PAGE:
1. HE 5.3.8 seems to be a clear allusion to monophysite ideas and can hardly have been written before c. 447, while 5.36.4 refers to the (plural) sisters of Theodosius as sharing his private devotions (cf. Socrates, HE 7.22.5) and hence must have been written before the death of Marina on 3 August 449 (Chr. min. 2.83). Despite modem assumptions to the contrary, Ep. 113 does not show that the History was still unwritten in 448: G. F. Chesnut, The Date of Composition of Theodoret's Church History,' Vig. Chr. 35 (1981), 245-252. For recent discussion, see B. Croke, 'Dating Theodoret's Church History and Commentary on the Psalms,' Byzantion 54 (1984), 59-73; A. D. Lee, 'Dating a Fifth-Century Persian War in Theodoret,' Byzantion 57 (1987), 187-190.
2. For Theodoretus' use of Socrates, see A. Güldenpenning, Die Kirchengeschichte des Theodoret von Kyrrhos: Eine Untersuchung ihrer Quellen (Halle, 1889), 39-41. He identified three clear cases of derivation in the first book of Theodoretus: (i) 1.9-10, which not only quotes two documents written from Nicaea in June 325 from Socrates, HE 1.9.1-14, 32-46, namely, Urkunden 23, 26 (taken by Socrates from Athanasius, Deer. 36, and Eusebius, VC 3.17-20), but also summarises a document of 333 which Socrates had included between them (9.14 < Socrates, HE 1.9.30/31 = Urkunde 33); (ii) 15.3 < Socrates, HE 1.9.46/7, linking documents taken from Eusebius, VC 2.46 and 4.36; and (iii) 31.5, where both the name of
Trier and the note 'this was the thirtieth year of his reign* seem to come from Socrates, HE 1.35.4, 37.1. Theodoretus' use of Socrates was in cffect denied by L. Parmenrier, who declared, in the preface to his edition of the Ecclesiastical History, that the similarities between Theodoretus and the other extant continuators of Eusebius are far better explained by his independent use of common sources than by direct borrowing. Among these lost sources, Parmentier gave pride of place to the Greek sources of Rufinus—in other words, the lost Ecclesiastical History of Gelasius of Caesarea (GCS 19 11911 J, lxxxiv). For proof that Theodoret combines Gelasius and Eusebius' Life of Constantine in his account of Helena in Jerusalem, see now S. Borgehammar, How the Holy Cross Was Found: From Event to Medieval Legend (Bibliotheca Theologiae Practicae/Kyrkovetenskapliga studier 47 [Stockholm, 1991]), 17-21.
3. App. 6, at nn. 8-10, cf. n. 1. Hence it is chronologically impossible for Theodoretus to have drawn on Sozomenus, as argued by A. Güldenpenning, Kirchengeschichte (1889), 41-49, who dated Theodoretus' History to 448/9 (18-25), Sozomenus' to 443/4(12/3).
4. L. Jeep, 'Quellenuntersuchungen zu den griechischen Kirchenhistorikern,' Jahrbücher für classische Philologie, Supp. 14 (1885), 53-178, at 154.
5. L. Parmentier, in his edition (GCS 19, 1911), xcviii-cvi; F. Winkelmann, 'Die Kirchengeschichtswerke im oströmischen Reich,' Byzantinoslavica 37 (1976), 1-10, 172-190, at 177/8; P. Allen, The Use of Heretics and Heresies in the Greek Church Historians: Studies in Socrates and Theodoret,' Reading the Past in Late Antiquity, ed. G. W. Clarke, (Rushcutters Bay, 1990), 265-289, at 271-282.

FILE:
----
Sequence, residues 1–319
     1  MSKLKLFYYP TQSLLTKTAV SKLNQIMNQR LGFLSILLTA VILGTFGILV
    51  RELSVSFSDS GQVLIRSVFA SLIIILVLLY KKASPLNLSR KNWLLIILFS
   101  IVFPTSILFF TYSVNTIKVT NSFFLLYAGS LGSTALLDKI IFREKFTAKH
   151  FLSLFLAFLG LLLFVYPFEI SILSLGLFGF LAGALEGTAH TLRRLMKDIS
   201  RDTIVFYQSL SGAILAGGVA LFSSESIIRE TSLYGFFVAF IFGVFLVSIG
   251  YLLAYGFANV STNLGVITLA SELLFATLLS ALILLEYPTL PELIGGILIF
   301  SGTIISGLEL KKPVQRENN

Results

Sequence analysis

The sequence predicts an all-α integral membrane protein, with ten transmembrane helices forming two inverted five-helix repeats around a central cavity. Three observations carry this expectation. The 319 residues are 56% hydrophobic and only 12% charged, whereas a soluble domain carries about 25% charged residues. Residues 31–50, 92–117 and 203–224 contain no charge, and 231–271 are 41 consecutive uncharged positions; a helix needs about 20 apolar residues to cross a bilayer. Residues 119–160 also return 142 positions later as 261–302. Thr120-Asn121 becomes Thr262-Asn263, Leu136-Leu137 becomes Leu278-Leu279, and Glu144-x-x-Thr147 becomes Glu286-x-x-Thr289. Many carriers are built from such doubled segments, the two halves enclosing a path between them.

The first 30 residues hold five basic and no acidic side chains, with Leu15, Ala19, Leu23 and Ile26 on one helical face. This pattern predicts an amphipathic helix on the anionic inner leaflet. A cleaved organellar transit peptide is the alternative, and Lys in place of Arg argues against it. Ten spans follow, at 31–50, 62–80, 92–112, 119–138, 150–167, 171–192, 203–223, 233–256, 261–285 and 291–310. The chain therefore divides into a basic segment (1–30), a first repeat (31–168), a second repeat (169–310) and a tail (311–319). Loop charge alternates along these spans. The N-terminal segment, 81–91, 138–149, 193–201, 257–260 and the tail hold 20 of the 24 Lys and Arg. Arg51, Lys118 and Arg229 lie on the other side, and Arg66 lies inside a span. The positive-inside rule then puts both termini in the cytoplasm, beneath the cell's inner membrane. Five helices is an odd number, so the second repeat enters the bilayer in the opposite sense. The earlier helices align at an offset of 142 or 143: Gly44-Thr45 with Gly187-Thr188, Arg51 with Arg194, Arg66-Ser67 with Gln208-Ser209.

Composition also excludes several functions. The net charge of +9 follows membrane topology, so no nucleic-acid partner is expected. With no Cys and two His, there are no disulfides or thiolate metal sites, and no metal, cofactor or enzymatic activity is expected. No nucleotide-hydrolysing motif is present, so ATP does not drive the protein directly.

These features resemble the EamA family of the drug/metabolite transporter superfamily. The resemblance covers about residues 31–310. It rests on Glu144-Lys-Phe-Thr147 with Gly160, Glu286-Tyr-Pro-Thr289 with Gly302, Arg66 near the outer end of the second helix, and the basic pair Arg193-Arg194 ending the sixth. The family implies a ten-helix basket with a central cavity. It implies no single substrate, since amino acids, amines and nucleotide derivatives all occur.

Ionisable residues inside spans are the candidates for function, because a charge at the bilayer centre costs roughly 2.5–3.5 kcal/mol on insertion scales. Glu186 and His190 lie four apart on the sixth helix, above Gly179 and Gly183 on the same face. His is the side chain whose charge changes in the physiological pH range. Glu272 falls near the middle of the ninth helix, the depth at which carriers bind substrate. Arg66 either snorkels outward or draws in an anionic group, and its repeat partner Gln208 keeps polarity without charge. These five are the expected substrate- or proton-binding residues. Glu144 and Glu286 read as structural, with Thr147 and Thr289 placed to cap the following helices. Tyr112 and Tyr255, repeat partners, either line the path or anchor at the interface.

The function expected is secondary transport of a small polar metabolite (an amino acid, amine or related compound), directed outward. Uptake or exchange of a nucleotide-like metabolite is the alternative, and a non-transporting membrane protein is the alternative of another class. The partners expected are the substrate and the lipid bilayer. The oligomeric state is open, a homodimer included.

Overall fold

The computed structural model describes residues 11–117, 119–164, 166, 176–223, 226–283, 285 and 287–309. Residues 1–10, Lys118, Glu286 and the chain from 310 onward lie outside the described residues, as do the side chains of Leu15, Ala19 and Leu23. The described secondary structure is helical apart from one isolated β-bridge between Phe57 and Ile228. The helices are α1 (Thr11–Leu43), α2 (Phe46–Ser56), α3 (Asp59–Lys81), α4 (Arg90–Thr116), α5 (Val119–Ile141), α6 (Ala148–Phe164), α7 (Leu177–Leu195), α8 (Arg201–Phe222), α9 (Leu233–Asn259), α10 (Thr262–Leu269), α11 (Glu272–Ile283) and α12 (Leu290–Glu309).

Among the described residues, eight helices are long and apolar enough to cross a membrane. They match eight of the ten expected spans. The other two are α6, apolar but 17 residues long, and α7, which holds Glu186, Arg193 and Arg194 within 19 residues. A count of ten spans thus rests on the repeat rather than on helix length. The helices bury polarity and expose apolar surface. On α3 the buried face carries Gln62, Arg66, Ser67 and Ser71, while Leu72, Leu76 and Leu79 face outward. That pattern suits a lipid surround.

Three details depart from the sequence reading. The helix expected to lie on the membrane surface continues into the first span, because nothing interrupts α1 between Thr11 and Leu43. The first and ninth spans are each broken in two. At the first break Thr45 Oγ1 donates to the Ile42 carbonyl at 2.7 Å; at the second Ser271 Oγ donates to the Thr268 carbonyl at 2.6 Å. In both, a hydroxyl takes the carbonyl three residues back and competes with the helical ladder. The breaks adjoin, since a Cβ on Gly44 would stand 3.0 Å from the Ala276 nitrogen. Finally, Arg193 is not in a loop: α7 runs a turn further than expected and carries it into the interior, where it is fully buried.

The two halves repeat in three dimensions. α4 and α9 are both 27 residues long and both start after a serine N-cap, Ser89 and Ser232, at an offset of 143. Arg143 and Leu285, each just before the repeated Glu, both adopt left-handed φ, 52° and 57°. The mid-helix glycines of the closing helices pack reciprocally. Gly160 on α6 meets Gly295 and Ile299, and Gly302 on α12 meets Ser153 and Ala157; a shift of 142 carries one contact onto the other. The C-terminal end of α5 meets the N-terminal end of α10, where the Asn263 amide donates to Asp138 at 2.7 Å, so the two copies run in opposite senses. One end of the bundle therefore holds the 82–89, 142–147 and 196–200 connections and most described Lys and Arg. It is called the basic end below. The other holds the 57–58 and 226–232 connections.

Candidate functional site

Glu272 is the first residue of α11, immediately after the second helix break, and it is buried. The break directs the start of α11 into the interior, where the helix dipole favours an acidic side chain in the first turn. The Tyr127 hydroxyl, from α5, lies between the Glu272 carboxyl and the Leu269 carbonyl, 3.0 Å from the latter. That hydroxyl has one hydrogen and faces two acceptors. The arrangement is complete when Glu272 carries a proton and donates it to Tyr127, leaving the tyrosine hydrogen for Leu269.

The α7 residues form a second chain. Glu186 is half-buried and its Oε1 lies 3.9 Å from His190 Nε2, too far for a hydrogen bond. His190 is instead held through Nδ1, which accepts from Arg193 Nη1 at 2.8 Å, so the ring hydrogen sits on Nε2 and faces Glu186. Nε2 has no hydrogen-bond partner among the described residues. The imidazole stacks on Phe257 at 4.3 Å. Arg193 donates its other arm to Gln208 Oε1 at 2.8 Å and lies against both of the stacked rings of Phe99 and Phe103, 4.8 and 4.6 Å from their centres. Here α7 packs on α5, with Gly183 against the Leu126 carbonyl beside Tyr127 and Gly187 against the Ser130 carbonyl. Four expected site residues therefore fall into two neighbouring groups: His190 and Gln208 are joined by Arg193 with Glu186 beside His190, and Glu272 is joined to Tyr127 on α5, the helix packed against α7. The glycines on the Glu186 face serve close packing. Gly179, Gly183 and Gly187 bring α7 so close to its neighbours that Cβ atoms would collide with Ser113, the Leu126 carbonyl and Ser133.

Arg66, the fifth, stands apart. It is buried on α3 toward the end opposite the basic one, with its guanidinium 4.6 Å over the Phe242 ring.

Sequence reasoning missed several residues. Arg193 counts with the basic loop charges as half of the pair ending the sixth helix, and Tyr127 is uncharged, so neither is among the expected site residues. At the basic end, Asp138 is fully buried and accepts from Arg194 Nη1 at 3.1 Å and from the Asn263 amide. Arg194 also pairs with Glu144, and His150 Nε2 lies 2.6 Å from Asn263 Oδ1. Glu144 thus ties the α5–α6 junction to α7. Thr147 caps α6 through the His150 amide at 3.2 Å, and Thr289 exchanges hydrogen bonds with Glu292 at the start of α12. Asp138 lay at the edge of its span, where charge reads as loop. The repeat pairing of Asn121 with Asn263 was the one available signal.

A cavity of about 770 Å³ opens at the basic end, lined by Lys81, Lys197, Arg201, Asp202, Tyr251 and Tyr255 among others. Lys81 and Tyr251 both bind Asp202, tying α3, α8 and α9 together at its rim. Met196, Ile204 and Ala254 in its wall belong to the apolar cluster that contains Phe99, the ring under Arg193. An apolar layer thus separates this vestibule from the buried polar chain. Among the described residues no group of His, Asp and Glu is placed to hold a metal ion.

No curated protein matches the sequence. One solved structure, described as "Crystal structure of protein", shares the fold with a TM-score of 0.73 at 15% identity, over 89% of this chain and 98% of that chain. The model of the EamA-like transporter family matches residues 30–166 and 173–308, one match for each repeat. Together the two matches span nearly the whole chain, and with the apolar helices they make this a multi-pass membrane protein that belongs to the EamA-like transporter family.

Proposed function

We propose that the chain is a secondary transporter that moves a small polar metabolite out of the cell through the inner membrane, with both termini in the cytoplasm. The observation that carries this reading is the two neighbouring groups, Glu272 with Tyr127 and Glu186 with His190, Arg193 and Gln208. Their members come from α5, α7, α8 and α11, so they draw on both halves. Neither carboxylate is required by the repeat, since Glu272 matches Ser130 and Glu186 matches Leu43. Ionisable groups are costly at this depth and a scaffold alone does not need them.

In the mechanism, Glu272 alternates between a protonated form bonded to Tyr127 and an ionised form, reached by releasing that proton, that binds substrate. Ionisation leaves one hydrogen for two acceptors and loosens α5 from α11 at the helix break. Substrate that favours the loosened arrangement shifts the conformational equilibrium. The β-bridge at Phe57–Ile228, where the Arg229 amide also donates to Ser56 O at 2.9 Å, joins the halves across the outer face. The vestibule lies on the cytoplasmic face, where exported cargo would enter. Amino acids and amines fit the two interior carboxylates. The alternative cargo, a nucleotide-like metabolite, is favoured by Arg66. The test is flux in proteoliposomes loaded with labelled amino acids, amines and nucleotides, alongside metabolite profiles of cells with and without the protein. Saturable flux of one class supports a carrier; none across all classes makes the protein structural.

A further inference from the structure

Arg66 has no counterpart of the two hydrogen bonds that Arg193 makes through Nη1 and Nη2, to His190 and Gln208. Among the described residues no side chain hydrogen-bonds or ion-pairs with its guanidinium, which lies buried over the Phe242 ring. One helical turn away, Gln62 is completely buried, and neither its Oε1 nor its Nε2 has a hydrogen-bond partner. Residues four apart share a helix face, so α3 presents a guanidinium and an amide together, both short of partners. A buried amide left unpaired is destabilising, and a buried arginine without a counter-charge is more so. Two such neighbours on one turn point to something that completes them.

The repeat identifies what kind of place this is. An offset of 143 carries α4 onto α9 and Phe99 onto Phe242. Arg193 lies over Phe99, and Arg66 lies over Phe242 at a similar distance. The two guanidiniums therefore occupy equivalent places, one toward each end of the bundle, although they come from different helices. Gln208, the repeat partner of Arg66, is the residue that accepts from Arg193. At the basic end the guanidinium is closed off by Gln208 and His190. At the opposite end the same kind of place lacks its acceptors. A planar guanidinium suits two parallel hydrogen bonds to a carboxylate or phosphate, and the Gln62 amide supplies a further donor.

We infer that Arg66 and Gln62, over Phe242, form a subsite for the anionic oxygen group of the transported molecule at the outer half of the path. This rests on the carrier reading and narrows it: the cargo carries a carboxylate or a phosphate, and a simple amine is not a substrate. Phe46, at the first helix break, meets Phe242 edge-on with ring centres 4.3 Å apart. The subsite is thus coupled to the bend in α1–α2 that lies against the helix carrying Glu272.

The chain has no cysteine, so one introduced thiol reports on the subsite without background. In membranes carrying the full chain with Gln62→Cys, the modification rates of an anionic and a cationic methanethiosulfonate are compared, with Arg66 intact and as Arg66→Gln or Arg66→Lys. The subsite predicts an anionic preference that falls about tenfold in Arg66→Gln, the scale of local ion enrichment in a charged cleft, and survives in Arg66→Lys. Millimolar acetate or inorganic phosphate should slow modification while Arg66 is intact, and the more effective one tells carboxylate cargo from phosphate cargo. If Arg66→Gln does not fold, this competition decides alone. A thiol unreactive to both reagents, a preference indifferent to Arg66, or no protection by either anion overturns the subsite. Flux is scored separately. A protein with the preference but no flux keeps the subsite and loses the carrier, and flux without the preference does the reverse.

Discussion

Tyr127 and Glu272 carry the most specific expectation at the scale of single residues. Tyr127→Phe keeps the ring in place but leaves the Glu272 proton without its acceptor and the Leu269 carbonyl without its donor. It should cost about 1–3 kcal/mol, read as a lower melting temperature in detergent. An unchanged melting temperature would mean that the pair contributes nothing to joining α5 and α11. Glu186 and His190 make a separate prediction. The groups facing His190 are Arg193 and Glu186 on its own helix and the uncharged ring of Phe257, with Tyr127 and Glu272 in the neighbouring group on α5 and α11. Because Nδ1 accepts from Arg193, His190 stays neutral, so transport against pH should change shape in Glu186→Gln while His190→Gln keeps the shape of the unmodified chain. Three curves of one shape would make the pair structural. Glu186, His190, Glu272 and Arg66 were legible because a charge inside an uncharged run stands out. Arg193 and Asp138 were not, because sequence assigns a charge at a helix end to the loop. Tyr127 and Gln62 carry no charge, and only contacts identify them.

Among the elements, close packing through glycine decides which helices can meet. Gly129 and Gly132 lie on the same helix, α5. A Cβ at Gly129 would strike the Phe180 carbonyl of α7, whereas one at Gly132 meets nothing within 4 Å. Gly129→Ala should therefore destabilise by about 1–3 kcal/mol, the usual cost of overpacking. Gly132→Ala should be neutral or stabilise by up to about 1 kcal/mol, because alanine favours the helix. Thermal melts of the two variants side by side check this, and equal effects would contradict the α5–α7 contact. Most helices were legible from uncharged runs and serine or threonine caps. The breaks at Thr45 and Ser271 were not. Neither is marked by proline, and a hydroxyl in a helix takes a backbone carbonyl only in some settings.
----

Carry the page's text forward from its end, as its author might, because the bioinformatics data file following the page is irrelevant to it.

6. For example, the letter of Alexander of Alexandria to Alexander of Byzantium (HE 1.4 = Urkunde 14) and the full text of the letter of Eusebius of Nicomedia to Paulinus of Tyre, which is also partly preserved in Latin by Marius Victorinus (HE 1.6 = Urkunde 8). Theodoretus presumably took both of these letters from Sabinus of Heraclea: for discussion, see A. Güldenpenning, Kirchengescbichte (1889), 59-61.
8. For discussion of the difficult question of Theodoretus' use of Gelasius/Rufinus, see A. Güldenpenning, Kirchengeschichte (1889), 26-39 (arguing for Rufinus as the 'Grundquelle'); G. Rauschen, Jahrbücher der christlichen Kirche unter dem Kaiser Theodosius (Freiburg, 1897), 559-563; L. Parmentier, GCS 19 (1911), lxxxiv-Ixxxvi.
9. A. Güldenpenning, Kirchengeschichte (1889), 49-56. On the date and scope of the work, see recently G. Zecchini, 'Filostorgio,' Metodologie delta ricerca sulla tarda antichitä, ed. A. Garzya (Naples, 1991), 579-598. Its precise date is uncertain. J. Bidez, in his edition (GCS 21 , exxxii), argued that Philostorgius wrote before 433, but F. M. Clover, 'Olympiodorus of Thebes and the Historia Augusta,' Bonner Historia-Augusta-Colloquium, 1979/1981 (1983), 136-141, has shown that his arguments arc inconclusive. Clover argues for a date in the late 430s, largely based on the account of the period 408-423 in Philostorgius, HE 12.7-12, and on Socrates' allusion to Eunomians who quote the letters of Arius (HE 1.6.41), but neither argument is decisive—and a date in the 440s might conceivably find advocates.
10. Brennecke, Homöer (1988), esp. 134-141. For the fragments, see Philostorgius, ed.
J. Bidez (GCS 21, 1911), Anhang VII: 'Fragmente eines arianischen Historiographer' cf. Gwatkin, Arianism2 (1900), 219-225; L. Parmentiet, GCS 19(1911), lxxxviii-xc.
11. On the interpretation of this obscure fragment, see 'Emperor and Bishops, A.D. 324-344: Some Problems,' A)AH 3 (1978), 53-75, at 57-59.
13. The list is based on the analysis by A. Güldenpenning, Kirchengeschichte (1889), 67-74.
14. Not in fact an authentic work of Athanasius (Chapter XVII n. 73).
15. E. Bihain, 'Le "Contre Eunome" de Théodore de Mopsueste, source d'un passage de Sozomène et d'un passage de Théodoret concernant Cyrille de Jérusalem,' Le Muséon 75 (1962), 331-355, argues that what is said about Cyril of Jerusalem and the feud between him and Acacius of Caesarea in Theodorctus, HE 2.26.2, and Sozomenus, HE 4.25.2-4, comes from Theodore of Mopsuestia (cf. above n. 12).
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